Today I'm going to tell you about one of the finest jazz albums recorded in the early '60s—an album that is likely unfamiliar to you but will surely become one of your favorites. The album is Trisection by Swedish composer, arranger and pianist Nils Lindberg. (Tomorrow I'll have an interview with Nils from Stockholm about the music.)
Sweden has a long jazz history and remains one of the oldest and most prolific jazz centers outside of the U.S. The country's relationship with jazz dates back to 1913, when its first jazz recordings were made in Stockholm, four years before our own in 1917. The song recorded was Alexander's Ragtime Band, by the Pinets Orchestra.
Over the years, American jazz musicians have traveled there. The first to record in Stockholm was Louis Armstrong, with his Hot Harlem Band, during a concert in October 1933. Benny Carter was in Stockholm next in 1936, Kenny Clarke in 1938 and Duke Ellington in 1939. Bebop made its way to Sweden in 1947 with Chubby Jackson, and Dizzy Gillespie was there in 1948. James Moody recorded there with his Swedish Crowns in 1949, a session that included I'm in the Mood for Love.
Swedish jazz musicians like baritone saxophonist Lars Gullin are revered by American fans who know their work. One of the finest is Nils Lindberg, 79 [pictured], who studied classical composition at the Royal College of Music in Stockholm and is known today as a composer of jazz and classical, including a style that combines jazz, Swedish folk music and classical music.
His first jazz album was Sax Appeal (1960), backed by his Swedish Modern Jazz Group. His music and arranging owes a great deal to Woody Herman's reed-centric "Four Brothers" sound. Nils' band featured Rolf Billberg (as) Harry Backlund, Allan Lundstrom (ts) Lars Gullin (bar) Nils Lindberg (p) Sture Nordin (b) and Conny Svensson (d). It's a superb swinging recording with gorgeous sax writing and piano playing by Nils.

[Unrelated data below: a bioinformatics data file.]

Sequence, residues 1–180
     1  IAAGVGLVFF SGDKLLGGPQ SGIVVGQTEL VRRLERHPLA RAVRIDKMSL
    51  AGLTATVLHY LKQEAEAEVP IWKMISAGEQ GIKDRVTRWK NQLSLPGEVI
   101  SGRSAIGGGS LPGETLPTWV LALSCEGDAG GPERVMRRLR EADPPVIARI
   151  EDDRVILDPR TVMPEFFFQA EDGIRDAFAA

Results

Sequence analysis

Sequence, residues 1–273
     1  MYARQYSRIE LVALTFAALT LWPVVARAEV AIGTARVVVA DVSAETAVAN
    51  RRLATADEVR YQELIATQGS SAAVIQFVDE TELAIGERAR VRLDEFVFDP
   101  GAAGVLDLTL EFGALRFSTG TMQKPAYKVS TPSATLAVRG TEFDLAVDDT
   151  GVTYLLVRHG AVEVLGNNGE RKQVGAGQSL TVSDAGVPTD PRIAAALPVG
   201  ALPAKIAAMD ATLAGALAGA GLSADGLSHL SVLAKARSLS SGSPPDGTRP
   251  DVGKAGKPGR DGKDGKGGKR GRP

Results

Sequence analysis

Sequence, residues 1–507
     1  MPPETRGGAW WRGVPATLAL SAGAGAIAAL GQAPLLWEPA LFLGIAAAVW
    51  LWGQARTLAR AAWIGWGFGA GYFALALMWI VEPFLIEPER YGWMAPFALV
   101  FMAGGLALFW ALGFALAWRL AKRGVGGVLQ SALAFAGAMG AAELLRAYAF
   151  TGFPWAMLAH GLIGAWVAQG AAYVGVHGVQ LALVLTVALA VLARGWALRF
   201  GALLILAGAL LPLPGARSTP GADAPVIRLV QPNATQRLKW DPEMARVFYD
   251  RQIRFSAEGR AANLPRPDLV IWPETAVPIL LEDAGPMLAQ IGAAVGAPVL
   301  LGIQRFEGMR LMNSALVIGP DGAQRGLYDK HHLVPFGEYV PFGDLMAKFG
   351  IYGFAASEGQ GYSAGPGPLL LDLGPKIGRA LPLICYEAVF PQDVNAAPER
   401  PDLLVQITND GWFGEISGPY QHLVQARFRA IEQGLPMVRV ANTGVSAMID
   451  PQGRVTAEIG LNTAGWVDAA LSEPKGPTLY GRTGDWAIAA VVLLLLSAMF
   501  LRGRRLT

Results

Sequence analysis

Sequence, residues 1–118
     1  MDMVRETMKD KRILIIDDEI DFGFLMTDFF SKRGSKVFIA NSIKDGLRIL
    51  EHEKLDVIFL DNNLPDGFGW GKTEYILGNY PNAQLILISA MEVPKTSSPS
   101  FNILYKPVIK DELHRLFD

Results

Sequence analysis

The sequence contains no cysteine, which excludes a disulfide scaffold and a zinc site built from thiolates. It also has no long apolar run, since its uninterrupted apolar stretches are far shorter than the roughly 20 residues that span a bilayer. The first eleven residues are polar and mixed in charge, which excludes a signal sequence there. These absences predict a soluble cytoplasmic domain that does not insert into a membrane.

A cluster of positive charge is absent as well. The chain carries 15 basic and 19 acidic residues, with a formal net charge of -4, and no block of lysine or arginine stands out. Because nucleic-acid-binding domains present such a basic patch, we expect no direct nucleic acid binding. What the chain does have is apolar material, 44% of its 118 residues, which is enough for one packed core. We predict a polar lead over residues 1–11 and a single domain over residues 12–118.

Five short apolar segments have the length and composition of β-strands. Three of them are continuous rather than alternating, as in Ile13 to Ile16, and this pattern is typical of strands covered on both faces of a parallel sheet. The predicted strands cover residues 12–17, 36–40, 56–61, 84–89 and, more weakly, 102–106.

In December 1962, Nils recorded a magnificent album called Trisection, including American expatriate trumpeter Idrees Sulieman. What makes this 1963 release so special is its Birth of the Cool feel and Gil Evans influences, served up by beautiful, gentle reeds. The band includes Idrees Sulieman, Jan Allan (tp) Sven-Olof Walldoff (b-tp) Eje Thelin (tb) Olle Holmqvist (tu) Rolf Billberg (as) Bertil Lofdahl, Harry Backlund (ts) Erik Nilsson (bar) Nils Lindberg (p) Sture Nordin (b) and Sture Kallin (d).
Rather than continue to rave about this music, I should let you hear the first movement. Here's Trisection I (tomorrow I'll post a track from Sax Appeal)...
JazzWax tracks: You'll find three Nils Lindberg albums—including Trisection Suite—on a single download called Nils Lindberg: Essential Swedish Jazz Masters. You'll just have to rearrange the tracks a bit:
Sax Appeal—Curbits, Play for Love, Birdland, Brand New, Blues for Bill and Zodiac.
Trisection—Trisection I, Trisection II, Trisection III, Daydreaming, Ars Gratia Artis and Joker.
The rest is from Symphony No. 1 & Jazz From Studio A—with Benny Bailey (tp) Ake Persson (tb) Rolf Billberg (as) Bjarne Nerem (ts) Nils Lindberg (p,ldr) Georg Riedel (b) Egil Johansen (d).
You'll also find Sax Appeal and Trisection on a Swedish CD here. And a new CD release of Sax Appeal is available at eBay, with four previously unreleased tracks.
A special JazzWax thanks to Todd Selbert, who used Trisection in a blindfold test when I was over at his apartment a few weeks ago—and made me guess for over a half hour without success.
Bonus clip: Here's Lars Gullin, Nils Lindberg (interviewed and in concert) and alto saxophonist Rolf Billberg from a documentary on Gullin broadcast on Swedish television...